Setting Boundaries with a Workaholic Spouse

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Setting Boundaries with a Workaholic Spouse

Addiction to work is a marriage killer. Marriages involving workaholics are twice as likely to end in divorce, according to a study by researchers at the University of North Carolina at Charlotte. For couples that stay together, the psychological toll can be devastating. Here are nine ways to survive a spouse who is married to work.

Stop Helping 

Spouses can be inadvertent enablers. You might push dinner back several hours each night, keep your children up late to snatch a few remaining minutes or even delay amily plans to include the workaholic. But all those things only encourage the addiction. Break the cycle by sticking to a normal schedule--make workaholics think about what they're missing.

Find Mutual Hobbies 

"Workaholics often feel like they have to be doing something," says Bryan Robinson, former professor emeritus at University of North Carolina at Charlotte who has studied the effects of workaholism on family life. "[Hobbies a couple can do together] help them connect with you." Even something as simple as walking around the neighborhood can work.

Don't Nag 

Instead, frame requests for more time and attention in positive terms, suggests Jess Alberts, professor of human communication at Arizona State University. "Rather than saying, 'You're never home, and the kids need you,' focus on the positives of having your spouse at home," says Alberts. "Say something like 'I don't feel as close to you, and I love having you around.' Frame it as positively as possible, because it's hard to move towards a resolution if you're angry." 

Understand Your Spouse's Job 

It helps to understand as much as you can about your spouse's work and why he or she gets so much satisfaction from it. The more you know, the less resentful you'll be. You'll also be a better sounding board when your partner needs to vent or seek encouragement. (Workaholics should understand their partners' joys and pressures, too.) 

Don't encourage 'workaholic' tendencies 

The first step is to distinguish between a 'hard working' and a 'workaholic' spouse. If you are sure of his/her workaholic tendencies, the best way to begin is by not encouraging his obsession with his work. Make him realise there are more important things than money in this world. "Don't make it a habit to stay awake waiting for him to join you for dinner or keeping your children awake to spend quality time with him. Don't always delay family plans to include your spouse. Doing so may encourage him/her to stretch their working hours and take you for granted. Ignoring your partner may help them realise what they've been missing,".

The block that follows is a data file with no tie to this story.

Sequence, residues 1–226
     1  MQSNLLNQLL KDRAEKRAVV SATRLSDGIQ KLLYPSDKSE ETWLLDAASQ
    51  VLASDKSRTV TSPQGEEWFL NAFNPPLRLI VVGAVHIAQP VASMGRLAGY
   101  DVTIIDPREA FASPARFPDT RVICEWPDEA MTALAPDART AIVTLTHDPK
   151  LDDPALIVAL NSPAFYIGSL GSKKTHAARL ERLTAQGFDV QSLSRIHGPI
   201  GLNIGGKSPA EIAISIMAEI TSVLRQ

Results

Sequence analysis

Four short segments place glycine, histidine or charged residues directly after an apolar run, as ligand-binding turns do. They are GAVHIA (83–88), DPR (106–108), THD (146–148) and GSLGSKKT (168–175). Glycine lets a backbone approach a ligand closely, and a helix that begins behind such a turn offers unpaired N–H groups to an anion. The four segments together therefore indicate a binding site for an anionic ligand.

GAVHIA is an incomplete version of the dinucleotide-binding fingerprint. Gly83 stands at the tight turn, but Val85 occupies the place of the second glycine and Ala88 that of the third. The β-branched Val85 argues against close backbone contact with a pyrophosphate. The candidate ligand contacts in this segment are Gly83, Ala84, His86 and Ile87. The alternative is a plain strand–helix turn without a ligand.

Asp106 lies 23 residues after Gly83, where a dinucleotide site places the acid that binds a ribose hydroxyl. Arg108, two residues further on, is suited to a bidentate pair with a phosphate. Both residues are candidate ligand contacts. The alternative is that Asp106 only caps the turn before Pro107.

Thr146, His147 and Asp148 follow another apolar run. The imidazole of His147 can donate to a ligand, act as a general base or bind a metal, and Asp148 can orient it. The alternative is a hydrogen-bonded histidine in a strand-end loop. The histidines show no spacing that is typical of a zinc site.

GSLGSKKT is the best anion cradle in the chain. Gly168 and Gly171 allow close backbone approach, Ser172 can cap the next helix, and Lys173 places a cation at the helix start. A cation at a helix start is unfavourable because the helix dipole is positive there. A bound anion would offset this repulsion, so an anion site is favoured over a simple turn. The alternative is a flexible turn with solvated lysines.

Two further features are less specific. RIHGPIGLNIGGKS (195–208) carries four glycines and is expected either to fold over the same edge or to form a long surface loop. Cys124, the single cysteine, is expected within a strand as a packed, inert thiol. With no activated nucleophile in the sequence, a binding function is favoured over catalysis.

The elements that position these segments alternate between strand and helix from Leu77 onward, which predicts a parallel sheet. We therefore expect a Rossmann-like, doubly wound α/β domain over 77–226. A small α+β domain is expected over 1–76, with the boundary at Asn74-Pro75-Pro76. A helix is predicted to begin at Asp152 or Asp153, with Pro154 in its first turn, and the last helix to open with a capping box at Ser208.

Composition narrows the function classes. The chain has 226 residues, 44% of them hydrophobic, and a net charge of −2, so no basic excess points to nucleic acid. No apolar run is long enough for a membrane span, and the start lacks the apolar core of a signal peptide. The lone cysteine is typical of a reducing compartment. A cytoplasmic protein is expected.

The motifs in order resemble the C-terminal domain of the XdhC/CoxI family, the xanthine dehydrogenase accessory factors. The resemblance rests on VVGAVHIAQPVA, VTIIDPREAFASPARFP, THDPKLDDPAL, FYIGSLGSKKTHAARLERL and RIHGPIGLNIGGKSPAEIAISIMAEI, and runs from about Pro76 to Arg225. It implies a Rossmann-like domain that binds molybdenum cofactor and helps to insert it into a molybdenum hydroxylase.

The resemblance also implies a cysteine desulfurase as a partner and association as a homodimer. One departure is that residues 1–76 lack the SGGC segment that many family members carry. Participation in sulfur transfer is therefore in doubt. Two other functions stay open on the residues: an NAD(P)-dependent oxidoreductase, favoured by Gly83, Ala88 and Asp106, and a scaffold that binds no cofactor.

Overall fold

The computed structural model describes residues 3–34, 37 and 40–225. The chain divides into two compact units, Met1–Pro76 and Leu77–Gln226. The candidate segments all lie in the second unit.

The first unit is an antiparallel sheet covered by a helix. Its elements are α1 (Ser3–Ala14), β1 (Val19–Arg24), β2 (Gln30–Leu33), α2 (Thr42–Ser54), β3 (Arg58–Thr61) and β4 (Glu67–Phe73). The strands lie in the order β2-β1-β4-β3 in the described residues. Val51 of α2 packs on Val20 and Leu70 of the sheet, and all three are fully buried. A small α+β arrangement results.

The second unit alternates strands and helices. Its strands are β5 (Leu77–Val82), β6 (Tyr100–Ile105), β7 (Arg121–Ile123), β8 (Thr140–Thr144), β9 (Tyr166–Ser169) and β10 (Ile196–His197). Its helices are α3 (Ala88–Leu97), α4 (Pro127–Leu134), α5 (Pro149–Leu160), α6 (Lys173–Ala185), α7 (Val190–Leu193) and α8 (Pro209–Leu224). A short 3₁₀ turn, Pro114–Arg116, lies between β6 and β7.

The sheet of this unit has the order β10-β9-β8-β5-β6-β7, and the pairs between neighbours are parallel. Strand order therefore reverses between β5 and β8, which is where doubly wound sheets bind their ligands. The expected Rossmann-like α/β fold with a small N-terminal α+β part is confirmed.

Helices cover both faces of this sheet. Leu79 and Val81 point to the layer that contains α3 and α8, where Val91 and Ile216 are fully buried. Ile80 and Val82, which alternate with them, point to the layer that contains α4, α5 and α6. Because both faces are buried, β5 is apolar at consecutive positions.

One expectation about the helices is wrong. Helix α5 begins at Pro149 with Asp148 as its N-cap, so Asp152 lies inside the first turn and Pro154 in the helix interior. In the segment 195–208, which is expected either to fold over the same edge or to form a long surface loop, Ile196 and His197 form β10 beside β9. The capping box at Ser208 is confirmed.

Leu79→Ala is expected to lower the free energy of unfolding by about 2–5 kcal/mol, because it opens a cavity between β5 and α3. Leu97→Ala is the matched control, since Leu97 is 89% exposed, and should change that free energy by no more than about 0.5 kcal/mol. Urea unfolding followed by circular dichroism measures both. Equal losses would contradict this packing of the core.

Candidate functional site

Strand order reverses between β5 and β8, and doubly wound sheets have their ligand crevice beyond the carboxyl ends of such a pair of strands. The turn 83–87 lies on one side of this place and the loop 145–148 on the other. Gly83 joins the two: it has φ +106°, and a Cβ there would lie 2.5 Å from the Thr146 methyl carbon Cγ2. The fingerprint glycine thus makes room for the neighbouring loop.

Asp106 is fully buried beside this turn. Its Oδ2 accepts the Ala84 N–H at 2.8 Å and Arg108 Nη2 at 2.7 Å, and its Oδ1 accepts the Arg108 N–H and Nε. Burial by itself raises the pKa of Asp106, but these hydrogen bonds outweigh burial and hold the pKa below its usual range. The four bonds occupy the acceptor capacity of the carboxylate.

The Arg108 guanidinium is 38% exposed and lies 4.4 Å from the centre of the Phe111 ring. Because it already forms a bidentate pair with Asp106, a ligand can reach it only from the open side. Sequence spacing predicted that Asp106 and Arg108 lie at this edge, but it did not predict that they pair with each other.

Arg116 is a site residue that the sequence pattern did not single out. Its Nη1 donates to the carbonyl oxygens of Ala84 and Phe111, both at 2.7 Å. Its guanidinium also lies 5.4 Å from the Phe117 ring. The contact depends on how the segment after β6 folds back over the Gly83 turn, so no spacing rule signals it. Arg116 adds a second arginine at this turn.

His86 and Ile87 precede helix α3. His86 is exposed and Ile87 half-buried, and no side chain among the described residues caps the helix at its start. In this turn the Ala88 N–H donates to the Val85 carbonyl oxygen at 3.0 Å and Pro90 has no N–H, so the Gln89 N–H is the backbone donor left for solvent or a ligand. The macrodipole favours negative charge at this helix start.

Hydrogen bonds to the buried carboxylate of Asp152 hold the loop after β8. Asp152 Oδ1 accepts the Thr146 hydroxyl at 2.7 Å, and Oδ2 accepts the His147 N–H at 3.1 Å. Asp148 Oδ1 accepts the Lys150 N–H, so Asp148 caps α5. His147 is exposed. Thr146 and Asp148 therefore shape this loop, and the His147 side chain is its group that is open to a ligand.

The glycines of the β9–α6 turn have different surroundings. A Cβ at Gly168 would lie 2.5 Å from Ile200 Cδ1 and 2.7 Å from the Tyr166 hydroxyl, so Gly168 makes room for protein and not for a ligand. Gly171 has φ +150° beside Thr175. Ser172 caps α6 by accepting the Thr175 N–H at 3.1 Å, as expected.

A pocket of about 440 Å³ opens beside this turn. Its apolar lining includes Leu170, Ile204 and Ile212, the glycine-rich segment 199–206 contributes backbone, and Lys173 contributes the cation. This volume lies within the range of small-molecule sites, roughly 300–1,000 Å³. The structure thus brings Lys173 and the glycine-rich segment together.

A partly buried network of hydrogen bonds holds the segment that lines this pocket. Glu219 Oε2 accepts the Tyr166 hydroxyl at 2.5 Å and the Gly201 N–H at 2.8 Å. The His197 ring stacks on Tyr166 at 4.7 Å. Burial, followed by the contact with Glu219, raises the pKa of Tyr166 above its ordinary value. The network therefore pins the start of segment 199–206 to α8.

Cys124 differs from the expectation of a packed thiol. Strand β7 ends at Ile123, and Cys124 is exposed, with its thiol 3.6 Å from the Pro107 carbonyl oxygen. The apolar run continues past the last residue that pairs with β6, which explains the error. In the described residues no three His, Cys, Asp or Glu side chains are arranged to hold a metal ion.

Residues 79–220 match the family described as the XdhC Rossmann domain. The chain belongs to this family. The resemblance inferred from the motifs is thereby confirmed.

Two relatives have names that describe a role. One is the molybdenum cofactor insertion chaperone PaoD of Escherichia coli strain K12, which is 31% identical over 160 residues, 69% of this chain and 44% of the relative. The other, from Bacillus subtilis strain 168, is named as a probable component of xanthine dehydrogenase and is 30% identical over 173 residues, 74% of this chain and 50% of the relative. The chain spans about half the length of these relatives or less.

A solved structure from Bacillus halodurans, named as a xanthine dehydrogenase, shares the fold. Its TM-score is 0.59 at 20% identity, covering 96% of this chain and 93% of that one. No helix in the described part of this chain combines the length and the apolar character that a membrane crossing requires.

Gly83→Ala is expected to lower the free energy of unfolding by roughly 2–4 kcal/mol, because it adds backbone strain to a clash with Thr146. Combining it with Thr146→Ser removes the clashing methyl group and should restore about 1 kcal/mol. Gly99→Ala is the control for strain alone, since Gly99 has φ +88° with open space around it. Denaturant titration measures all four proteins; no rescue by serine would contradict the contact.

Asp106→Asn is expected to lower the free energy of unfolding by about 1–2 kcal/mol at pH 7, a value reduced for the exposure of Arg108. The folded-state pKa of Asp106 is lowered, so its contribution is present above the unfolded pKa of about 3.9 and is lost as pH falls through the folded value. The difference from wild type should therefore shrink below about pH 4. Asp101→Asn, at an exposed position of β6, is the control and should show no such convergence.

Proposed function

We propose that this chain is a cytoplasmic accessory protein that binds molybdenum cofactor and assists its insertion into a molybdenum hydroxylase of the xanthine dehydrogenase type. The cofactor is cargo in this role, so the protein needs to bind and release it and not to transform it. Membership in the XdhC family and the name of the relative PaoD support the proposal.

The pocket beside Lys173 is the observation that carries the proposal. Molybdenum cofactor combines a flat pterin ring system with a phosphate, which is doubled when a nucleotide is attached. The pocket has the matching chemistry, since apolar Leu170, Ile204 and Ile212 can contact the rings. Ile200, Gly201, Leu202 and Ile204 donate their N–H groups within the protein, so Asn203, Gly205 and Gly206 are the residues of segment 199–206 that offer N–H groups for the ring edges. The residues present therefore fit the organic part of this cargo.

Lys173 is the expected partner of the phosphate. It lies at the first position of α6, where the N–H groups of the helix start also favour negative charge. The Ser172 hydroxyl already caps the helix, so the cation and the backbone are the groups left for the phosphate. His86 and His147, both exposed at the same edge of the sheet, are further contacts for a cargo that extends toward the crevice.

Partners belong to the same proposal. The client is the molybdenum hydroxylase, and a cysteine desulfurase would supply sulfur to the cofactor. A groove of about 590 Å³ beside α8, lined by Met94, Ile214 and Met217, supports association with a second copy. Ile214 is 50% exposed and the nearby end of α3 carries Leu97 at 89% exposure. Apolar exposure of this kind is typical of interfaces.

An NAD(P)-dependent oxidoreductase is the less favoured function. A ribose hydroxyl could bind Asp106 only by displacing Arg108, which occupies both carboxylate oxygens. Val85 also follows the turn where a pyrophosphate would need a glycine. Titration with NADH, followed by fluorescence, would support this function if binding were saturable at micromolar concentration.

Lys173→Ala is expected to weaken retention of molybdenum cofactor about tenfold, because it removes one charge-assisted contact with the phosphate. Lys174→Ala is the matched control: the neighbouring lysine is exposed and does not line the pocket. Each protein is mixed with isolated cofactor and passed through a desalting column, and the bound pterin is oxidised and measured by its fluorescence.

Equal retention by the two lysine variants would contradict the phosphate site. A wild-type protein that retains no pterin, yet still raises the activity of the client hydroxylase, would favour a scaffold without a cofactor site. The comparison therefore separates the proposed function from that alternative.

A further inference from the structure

Plan a 'no-work' time 

"My husband usually comes back late from work and cannot restrain himself from thinking about office or taking phone calls even after that. I have tried to discuss this with him several times, but it's of no help. Even if we plan do go out together or spend time with each other, he usually cancels the same saying work is his foremost priority. I feel helpless and ignored,"

Make a Plan (But Reassess Regularly)

Rigid as it sounds, couples threatened by workaholism should map a plan assigning vocational and domestic duties in the short and long term, says Cali Williams Yost, the author of Work+Life: Finding the Fit That's Right for You. "You almost need to sit with a pad and paper and work through everything," says Yost. (Who knows, maybe 70-hour work weeks might make sense for several years, as long as they can be tailored back down the road.) No plan should be etched in granite, of course, so keep that pad handy when life throws a curve ball. 

Prioritize Social Events 

This one requires brutal honesty. While there may be 20 social events you'd like your spouse to attend, decide which ones are truly the most important and try hitting those, says Sarah Tracy, director of the Project for Wellness and Work-Life at Arizona State University's Hugh Downs School of Human Communication. 

Schedule Tech-Free Time

Cellphones and BlackBerrys have pushed plenty of borderline workaholics over the edge. Fight back, says Diane Fassel, a Boulder, Colo.-based organizational consultant and author of Working Ourselves to Death. Her advice: Designate certain times, like Friday nights, when you and your spouse both agree to lock those gadgets in a drawer. 

Put the Focus Back on Yourself

No matter how logically and doggedly you make your case, changing people isn't really an option. In the end, you just have to hope they realize how damaging their overworking has become and decide to pare it back. In the meantime, take a protective step, says Fassel. Ask yourself: "What do I need to be sane if my husband or wife is unavailable to me?" This isn't selfishness--it's survival.

Last Resort: Therapy 

If none of these strategies help to break your spouse's workaholic cycle, seek professional help, says Robinson. As with any addiction, getting to the root of the problem is what counts.


Illustration from Clyde Mendes column at  MetroSexual LA


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